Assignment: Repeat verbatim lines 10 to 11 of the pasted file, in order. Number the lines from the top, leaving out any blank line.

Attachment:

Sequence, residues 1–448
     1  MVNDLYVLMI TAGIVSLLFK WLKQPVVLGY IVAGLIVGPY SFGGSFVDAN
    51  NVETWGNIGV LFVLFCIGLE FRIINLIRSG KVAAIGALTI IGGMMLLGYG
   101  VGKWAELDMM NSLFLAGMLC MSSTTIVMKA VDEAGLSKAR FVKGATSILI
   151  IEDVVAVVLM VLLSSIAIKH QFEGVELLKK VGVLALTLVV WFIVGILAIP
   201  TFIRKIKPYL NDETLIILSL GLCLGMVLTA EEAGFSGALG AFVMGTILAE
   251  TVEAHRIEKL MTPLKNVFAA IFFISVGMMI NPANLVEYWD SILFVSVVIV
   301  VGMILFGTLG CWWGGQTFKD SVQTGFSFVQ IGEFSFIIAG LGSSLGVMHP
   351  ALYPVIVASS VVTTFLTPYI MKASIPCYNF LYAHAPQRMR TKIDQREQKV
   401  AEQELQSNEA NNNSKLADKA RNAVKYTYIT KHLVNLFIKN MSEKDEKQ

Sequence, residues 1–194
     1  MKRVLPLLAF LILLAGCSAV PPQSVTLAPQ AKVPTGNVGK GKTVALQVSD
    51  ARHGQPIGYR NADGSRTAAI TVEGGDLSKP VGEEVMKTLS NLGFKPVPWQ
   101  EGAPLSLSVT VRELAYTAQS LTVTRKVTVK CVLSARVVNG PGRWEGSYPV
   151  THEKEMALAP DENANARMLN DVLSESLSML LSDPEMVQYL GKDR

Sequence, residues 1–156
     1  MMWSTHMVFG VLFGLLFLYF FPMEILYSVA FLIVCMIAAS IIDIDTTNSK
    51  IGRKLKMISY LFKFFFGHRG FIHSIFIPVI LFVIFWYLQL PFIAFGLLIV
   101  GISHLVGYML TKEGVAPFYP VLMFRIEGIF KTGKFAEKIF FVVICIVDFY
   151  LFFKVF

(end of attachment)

   401  AEQELQSNEA NNNSKLADKA RNAVKYTYIT KHLVNLFIKN MSEKDEKQ

Sequence, residues 1–194